by Jean Henry Mead
I recently came across a forgotten book in my library, titled On Being a Writer by Will Blythe. Thumbing through, I noticed a chapter about Ernest Hemingway. Hemingway is a favorite author, not only because he changed the face of literature, but because I was born on his birthday, July 21. Leather bound copies of his work are among my most prized possessions.
Elmore Leonard reveres Hemingway so much that a portrait of him hangs in his writing den, and he claims that rereading For Whom the Bell Tolls taught him to write western novels. Thousands of writers have followed “Papa” Hemingway‘s lead and learned to write succinctly rather than imitate writers of the past such as Washington Irving, whose flowery phrases give me a headache.
Hemingway was no saint but his candor and truth in writing are traits to be admired. Questioned about his drinking habits, he said the only writer he knew who drank while he wrote was Faulkner, and that he could tell from reading his work when his drinking began during the writing process.
He wrote from 7 a.m. until noon and stressed the fact that writers should write every day, no matter where they were. During the afternoons he would swim or go fishing, explaining that “the best way is always to stop when you are doing good. If you do that, you’ll never be stuck. And don’t think or worry about it until you start the next day. That way your subconscious will be working on it all the time. But if you worry about it, your brain will get tired before you start again. You have to work every day. No matter what has happened the day or night before, get up and bite the nail.”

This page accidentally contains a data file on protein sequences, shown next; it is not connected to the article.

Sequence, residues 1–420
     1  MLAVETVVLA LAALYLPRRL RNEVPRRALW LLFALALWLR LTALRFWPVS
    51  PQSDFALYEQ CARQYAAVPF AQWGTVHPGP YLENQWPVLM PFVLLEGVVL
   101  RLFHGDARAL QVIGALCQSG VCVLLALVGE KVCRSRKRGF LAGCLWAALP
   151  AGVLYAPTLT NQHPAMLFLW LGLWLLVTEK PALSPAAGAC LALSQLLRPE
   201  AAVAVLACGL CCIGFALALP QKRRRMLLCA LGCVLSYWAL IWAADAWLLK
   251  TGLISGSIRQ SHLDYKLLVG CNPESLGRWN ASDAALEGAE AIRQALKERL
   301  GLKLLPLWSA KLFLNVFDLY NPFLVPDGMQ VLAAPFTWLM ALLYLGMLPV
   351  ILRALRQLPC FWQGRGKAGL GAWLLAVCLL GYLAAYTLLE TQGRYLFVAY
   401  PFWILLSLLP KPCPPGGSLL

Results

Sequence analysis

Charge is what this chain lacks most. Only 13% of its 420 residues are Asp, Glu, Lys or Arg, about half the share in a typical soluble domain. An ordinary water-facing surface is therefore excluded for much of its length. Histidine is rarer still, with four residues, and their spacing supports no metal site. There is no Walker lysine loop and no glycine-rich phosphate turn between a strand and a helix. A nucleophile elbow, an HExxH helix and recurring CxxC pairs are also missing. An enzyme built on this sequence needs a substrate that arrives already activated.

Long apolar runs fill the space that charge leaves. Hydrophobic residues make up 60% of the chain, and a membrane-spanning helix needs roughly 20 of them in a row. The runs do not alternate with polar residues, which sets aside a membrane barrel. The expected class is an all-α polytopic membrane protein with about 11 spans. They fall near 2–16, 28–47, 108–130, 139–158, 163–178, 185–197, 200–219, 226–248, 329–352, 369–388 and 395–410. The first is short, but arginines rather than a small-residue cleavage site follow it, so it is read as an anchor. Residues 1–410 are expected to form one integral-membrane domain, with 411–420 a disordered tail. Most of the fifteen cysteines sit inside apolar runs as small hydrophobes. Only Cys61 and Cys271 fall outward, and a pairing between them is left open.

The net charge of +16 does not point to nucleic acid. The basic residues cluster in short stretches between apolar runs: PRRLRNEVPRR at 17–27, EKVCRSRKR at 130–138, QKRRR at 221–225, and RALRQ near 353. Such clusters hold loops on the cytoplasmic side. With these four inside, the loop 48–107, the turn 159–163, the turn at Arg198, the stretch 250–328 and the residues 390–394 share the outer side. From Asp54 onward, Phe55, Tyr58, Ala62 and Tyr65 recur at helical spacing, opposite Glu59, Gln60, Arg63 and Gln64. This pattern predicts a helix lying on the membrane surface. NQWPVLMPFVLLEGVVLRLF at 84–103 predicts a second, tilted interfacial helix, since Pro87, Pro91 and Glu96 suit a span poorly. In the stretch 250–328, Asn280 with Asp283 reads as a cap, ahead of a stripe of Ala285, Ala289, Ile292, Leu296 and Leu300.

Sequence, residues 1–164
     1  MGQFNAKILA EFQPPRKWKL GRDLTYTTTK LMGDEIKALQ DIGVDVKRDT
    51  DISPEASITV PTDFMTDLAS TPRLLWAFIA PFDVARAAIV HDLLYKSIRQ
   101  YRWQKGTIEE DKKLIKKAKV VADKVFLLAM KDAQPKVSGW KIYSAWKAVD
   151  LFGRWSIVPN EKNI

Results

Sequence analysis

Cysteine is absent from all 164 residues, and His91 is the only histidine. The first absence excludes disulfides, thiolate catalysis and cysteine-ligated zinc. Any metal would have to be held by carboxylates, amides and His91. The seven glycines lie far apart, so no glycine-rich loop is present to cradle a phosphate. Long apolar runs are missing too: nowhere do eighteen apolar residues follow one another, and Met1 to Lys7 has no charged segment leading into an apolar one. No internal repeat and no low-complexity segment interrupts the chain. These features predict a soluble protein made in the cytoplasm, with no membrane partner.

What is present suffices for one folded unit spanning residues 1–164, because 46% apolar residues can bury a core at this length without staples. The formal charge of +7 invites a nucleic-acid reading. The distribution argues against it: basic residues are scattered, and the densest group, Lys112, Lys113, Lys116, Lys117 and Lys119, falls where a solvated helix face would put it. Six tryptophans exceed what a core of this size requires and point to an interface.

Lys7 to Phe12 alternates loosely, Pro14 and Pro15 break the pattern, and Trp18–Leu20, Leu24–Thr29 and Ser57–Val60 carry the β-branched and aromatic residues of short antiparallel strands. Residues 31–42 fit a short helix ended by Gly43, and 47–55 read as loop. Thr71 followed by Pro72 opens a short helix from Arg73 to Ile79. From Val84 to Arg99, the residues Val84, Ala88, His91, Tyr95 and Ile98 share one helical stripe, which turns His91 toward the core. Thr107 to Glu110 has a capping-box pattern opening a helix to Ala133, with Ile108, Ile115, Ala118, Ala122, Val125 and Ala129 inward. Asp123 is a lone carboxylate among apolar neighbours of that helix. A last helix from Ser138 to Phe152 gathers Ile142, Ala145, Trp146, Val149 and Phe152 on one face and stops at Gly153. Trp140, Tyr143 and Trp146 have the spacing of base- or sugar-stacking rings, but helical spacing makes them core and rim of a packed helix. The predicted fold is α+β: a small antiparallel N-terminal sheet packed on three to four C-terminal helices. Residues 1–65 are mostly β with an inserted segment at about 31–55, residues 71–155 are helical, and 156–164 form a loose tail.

When writing about something monumental like a current war, he said at first it’s too fresh and you’re too close to what has happened. When you have sorted out your feelings about your subject, it’s time to write before the freshness wears off.
“When you write, your objective is to convey every sensation, sight, feeling, and emotion to the reader." He stressed rewriting and keeping your work fluid so that you can always improve upon it. Calling writing the hardest trade in the world when writing about fellow human beings, he said that wordsmiths can train themselves by recalling memories of walking into a room and experiencing the sights, smells and emotions present there.
“Then write it down, making it clear so the reader will see it too, and have the same feelings you had.” Hemingway also stressed watching people and attempting to insert yourself in someone else’s head, and above all, never take sides in an argument. See the problem from all sides and allow the reader to determine who’s right and wrong.
“As a writer you should not judge, you should understand.”
Hemingway encouraged writers to talk to one another about their craft, but not about the stories they were writing. If you tell it, you won’t write it. Writers should work alone, then talk about their work. He also discouraged writers from imitating what others have written unless they know they can do a better job. It’s important to keep a journal if you’re writing about actual historical events because you have to write "an exact, detailed and specific account" of the story. And above all, you have to be serious about your subject as well as your craft.